At eight months pregnant, I had a dream my new baby boy was born. He came out with pale white skin, blue eyes, and long, pin-straight red hair. He didn't look like he belonged to me at all. As a light-skinned, biracial black woman with an Italian mother, an African-American father, and a white husband, the notion that my son could look white isn't too far off from reality.
In the dream when I looked at him I felt sad and disappointed at his apparent whiteness. In fact, the sadness lingering in my gut was so intense it woke me up. It felt awful to again address the racism I still struggled with as I considered the implications of giving birth to two sons who may be perceived as white men. I felt awful. Even in my dreams, I'm a racist.
It was painful to look into the face of my sin and admit that here is a deep racism that exists so far under the surface it's been quite difficult to unearth.
The racism I have struggled with was the fear of recklessness in white men. The type of recklessness that can decide to go to one country pick up a group of people, enslave, degrade, hunt and herd them for several hundred years.
Instead of a natural extension of trust, there is fear. My struggle with this issue goes far back to my childhood days when my very own white brother began calling me a "stupid nigger" when I was six years old. "Oh, yeah, you're a power hungry honkey," I would retort back. Even now, my brother is still the epitome of reckless and blatantly unapologetic racist white boy behavior that I have come to loathe.
One would assume that for all of my brother's ills it would be balanced out by my white husband, who is the exact opposite. My husband Dave is the epitome of kind, thoughtful wonderfulness who embraces blacks, diversity, and humans in general with compassion and love. He may be the best and most upright person I've ever met in all humanity.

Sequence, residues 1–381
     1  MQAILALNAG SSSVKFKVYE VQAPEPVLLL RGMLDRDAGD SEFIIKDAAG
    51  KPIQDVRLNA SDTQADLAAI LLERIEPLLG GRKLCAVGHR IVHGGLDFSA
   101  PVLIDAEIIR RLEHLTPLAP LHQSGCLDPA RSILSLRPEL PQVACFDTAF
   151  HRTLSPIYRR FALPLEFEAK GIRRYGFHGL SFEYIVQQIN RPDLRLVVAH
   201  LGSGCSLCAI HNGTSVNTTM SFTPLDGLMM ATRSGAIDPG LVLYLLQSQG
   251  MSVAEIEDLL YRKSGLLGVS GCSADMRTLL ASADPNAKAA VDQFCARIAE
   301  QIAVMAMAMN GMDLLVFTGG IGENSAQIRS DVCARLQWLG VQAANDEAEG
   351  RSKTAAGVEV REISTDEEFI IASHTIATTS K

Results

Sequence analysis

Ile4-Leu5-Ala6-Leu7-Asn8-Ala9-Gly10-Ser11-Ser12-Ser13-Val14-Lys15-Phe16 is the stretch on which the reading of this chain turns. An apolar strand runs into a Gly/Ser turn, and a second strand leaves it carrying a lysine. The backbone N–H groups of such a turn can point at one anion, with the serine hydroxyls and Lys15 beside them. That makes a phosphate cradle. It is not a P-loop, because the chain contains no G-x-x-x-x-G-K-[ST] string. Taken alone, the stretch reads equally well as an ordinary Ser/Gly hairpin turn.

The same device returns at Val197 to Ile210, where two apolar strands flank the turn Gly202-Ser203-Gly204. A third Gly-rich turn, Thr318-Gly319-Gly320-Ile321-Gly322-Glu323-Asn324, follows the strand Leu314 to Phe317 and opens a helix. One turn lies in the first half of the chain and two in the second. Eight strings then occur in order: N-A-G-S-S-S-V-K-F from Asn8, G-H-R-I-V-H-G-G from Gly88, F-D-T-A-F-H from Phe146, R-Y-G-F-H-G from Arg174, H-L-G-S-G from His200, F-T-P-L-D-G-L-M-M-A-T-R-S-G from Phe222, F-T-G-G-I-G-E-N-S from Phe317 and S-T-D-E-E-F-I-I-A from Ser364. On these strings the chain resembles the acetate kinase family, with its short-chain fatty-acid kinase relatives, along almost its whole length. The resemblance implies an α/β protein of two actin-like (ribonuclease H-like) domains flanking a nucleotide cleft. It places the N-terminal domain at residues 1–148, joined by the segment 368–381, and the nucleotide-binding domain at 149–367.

Here's the trouble: that's not how it works. God calls me to love my enemies -- not let one good man balance out the evils of my enemies whom God has called me to love. God has not asked me to perceive my white husband as one of the good ones amongst a sea of evil white men. God asks me -- and therefore all of us as believers -- to love, embrace, and even go out of our way for our sworn enemy.
Certainly then, God wants me to be at peace with my sons looking like white men. My responsibility to these two precious barely biracial boys of mine is to teach them how to love themselves in the exact way God created them to look, whether that brings them privilege or pain. My responsibility is to teach them to love their black and white heritage. My responsibility is to teach them to deal honestly and obediently with the racism that may one day exist in their hearts.
Even if it's in their dreams.
Grace Biskie originally posted this blog entry at the Salter McNeil & Associates blog. It appears here courtesy of a partnership with SMA.